When a cybercriminal can access an employee’s login, that criminal becomes an “insider.” Your computer system reads them as the legitimate user.
Ways to Mitigate Insider Threats
Insider threats can be difficult to detect after the fact. But if you put mitigation measures in place you can stop them in their tracks. Being proactive keeps you from suffering a costly incident. One that you may not know about for months.
Here are some of the best tactics for reducing insider threat risk.
Thorough Background Checks
When hiring new employees make sure you do a thorough background check. Malicious insiders will typically have red flags in their work history. You want to do the same with any vendors or contractors that will have access to your systems.
Endpoint Device Solutions
Mobile devices now make up about 60% of the endpoints in a company. But many businesses aren’t using a solution to manage device access to resources.
Put an endpoint management solution in place to monitor device access. You can also use this to safelist devices and block unauthorized devices by default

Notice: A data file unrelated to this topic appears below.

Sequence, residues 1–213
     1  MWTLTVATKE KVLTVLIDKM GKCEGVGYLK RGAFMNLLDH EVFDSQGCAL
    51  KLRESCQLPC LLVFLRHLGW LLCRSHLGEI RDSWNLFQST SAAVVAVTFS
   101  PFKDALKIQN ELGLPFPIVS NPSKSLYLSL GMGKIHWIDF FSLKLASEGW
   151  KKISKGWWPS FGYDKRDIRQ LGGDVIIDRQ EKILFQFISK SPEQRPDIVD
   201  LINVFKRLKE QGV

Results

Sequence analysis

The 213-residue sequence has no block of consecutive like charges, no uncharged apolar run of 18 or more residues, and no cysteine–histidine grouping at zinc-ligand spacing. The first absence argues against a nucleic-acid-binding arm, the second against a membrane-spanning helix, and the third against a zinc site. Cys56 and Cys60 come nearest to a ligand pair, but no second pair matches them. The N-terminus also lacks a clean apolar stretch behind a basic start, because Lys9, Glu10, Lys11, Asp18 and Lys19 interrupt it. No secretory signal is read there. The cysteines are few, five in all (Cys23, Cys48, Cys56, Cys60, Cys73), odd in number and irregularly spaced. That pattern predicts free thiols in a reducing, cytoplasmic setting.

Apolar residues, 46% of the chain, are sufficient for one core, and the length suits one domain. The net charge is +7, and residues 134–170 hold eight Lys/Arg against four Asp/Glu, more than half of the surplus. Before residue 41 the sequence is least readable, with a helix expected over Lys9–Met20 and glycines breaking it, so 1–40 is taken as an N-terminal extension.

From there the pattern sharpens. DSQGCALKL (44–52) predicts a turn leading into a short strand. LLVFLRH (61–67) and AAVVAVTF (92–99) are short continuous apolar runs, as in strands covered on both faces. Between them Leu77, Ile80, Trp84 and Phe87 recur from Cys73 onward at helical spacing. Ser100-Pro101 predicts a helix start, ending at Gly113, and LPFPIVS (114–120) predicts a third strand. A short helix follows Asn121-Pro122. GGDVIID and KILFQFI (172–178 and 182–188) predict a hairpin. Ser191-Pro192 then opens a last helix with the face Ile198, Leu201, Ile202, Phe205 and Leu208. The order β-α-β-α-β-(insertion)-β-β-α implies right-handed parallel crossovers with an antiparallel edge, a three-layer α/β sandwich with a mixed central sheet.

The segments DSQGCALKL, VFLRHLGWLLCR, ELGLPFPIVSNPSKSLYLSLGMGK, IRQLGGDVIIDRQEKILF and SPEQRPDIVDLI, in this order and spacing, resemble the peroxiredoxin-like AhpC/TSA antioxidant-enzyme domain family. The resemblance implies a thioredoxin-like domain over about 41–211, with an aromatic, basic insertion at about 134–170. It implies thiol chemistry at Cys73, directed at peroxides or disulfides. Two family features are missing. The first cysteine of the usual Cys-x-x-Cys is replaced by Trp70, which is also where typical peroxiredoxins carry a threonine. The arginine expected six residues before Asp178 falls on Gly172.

Multi-factor Authentication & Password Security
One of the best ways to fight credential theft is through multi-factor authentication. Hackers have a hard time getting past the 2nd factor. They rarely have access to a person’s mobile device or FIDO security key.
Couple this with password security. This includes things like:
- Requiring strong passwords in your cloud apps
- Using a business password manager
- Requiring unique passwords for all logins
Employee Data Security Training
Training can help you mitigate the risk of a breach through carelessness. Train employees on proper data handling and security policies governing sensitive information.
Once someone has user access to your system, how can you catch them doing something wrong? You do this through intelligent network monitoring.
Use AI-enabled threat monitoring. This allows you to detect strange behaviors as soon as they happen. For example, someone downloading a large number of files. Or someone logging in from outside the country.
Need Help Putting a Stop to Insider Attacks?
A layered security solution can help you mitigate all four types of insider threats. We can help you with a robust yet affordable solution. Contact us today for a free consultation.
Article used with permission from The Technology Press.
The holiday shopping season is taking off. This means that scammers have also revved up their engines. They’re primed and ready to take advantage of all those online transactions.